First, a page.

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All tweed labeled Harris must have the official orb and cross certification mark, and it can not have that mark unless it is “cloth that has been handwoven by the islanders of Lewis, Harris, Uist and Barra in their homes, using pure virgin wool that has been dyed and spun in the Outer Hebrides” (from the Harris Tweed Authority website).

For centuries the Scottish islanders produced tweeds, but the Harris Tweed certification mark was first stamped on fabric in 1911. Besides finding the Harris tweed mark on the fabric, it can be found on clothing labels, along with a number associated with the fabric’s weaver.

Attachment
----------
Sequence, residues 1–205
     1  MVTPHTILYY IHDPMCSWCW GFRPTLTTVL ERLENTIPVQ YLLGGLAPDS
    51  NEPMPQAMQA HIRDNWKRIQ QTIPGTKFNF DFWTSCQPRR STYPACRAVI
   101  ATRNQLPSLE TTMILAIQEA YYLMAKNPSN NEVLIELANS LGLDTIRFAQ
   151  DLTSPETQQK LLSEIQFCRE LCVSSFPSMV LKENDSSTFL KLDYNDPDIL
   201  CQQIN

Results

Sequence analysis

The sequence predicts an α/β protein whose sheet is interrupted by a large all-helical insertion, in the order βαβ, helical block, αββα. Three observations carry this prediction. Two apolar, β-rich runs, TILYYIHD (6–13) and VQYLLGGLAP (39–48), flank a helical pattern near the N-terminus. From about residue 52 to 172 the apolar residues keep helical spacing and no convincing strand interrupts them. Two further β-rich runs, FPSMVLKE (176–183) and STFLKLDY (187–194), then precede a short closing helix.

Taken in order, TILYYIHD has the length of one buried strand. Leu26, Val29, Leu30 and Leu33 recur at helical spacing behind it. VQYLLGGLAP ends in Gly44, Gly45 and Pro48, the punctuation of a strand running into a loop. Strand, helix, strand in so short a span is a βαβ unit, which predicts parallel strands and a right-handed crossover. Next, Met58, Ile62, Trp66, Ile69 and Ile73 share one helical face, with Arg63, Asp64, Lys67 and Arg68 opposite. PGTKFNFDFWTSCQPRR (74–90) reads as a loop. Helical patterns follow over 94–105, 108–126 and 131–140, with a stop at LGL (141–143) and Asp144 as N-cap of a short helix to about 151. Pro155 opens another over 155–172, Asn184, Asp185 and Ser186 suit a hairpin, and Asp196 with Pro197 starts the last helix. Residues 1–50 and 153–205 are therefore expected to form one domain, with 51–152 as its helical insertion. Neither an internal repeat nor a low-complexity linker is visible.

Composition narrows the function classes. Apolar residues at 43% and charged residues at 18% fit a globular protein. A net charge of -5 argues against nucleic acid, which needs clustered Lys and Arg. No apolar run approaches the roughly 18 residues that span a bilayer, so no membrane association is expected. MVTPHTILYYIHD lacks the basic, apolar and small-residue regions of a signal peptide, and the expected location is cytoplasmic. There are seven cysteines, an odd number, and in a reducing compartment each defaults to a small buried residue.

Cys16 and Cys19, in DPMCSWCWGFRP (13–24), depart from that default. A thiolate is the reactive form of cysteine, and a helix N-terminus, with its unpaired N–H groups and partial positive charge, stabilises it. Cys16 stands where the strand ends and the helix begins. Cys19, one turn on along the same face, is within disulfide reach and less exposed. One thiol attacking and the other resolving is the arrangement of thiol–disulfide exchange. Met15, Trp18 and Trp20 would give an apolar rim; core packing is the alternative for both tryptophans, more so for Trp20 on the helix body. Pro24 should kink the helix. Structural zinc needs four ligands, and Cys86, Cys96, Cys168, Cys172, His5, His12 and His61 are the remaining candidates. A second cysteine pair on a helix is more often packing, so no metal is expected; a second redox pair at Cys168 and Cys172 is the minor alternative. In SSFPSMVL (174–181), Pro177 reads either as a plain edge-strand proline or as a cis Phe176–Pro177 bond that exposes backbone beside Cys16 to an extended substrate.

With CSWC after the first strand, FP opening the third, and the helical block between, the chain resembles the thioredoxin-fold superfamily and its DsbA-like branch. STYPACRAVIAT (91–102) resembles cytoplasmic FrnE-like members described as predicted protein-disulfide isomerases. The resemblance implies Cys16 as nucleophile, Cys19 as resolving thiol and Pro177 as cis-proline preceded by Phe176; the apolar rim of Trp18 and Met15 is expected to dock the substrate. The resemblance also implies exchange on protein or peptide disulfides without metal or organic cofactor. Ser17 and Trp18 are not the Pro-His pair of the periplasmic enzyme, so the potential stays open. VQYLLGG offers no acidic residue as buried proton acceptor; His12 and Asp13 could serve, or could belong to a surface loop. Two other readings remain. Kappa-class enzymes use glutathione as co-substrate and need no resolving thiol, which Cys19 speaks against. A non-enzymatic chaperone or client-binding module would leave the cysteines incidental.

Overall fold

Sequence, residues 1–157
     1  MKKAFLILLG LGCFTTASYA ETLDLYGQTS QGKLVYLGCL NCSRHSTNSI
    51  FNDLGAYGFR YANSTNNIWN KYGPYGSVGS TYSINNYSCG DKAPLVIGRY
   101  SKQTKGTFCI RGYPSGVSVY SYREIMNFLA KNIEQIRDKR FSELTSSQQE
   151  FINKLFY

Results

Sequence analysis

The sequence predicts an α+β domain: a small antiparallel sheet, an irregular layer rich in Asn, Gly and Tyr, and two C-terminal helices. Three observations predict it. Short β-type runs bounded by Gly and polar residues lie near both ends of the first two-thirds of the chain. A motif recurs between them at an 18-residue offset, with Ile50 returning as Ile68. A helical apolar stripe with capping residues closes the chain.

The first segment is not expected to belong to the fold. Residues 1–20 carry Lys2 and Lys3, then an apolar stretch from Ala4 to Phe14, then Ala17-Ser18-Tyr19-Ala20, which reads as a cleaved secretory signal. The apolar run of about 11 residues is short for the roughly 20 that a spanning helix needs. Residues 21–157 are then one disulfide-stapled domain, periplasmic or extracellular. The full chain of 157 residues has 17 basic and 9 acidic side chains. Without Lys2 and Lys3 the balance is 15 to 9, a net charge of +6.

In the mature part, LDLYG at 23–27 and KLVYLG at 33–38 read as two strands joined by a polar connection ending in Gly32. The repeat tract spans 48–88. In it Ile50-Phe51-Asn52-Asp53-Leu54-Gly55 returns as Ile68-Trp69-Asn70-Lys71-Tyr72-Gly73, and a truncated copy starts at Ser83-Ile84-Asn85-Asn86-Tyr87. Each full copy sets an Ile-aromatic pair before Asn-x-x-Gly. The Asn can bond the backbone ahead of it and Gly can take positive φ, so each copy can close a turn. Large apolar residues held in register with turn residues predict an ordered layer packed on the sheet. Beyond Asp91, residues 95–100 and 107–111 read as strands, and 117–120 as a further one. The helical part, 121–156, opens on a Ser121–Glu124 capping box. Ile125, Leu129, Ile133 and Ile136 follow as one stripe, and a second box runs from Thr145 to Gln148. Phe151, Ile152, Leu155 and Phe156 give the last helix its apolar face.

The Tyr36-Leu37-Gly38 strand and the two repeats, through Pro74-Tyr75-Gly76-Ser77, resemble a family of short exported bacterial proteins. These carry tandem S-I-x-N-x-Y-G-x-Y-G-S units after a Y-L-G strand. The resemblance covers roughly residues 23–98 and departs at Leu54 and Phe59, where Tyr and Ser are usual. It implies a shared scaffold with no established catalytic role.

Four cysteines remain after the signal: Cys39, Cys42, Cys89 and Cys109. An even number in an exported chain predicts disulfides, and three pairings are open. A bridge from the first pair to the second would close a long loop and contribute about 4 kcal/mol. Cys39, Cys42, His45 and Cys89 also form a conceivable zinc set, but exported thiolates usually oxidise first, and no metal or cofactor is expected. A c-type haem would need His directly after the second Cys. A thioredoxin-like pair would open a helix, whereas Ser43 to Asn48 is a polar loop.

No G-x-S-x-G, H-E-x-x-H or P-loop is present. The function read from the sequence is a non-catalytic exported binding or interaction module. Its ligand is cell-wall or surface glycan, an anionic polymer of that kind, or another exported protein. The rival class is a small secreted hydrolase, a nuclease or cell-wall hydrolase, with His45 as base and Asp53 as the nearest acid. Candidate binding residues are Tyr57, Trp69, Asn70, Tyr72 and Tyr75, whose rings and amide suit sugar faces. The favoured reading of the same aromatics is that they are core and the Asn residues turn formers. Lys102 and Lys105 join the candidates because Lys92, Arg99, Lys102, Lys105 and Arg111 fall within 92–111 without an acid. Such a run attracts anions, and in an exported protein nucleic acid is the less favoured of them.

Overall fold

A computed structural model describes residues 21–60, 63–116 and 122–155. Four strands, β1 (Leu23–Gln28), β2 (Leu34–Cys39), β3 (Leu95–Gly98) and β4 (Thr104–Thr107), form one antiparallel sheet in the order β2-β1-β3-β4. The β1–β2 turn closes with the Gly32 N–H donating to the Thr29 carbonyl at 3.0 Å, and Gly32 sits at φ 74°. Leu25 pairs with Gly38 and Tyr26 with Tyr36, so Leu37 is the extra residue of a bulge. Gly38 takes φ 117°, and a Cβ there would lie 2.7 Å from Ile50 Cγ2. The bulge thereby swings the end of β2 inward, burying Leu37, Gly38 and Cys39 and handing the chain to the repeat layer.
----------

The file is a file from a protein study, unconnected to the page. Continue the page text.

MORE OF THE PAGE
Harris tweed is seen in an earthy range of colors because the home weavers (crofters) produce dyes from natural plant sources. The fabric is always twill weave, usually right-hand twill and sometimes herringbone.

Uses: Suits, coats, slacks, skirts with relatively new lighter weights used for dresses

See also:
Harris Tweed in the VFG Label Resource section

Harris tweed in a twill weave, 1950s
Harris tweed in a herringbone twill weave, 1970s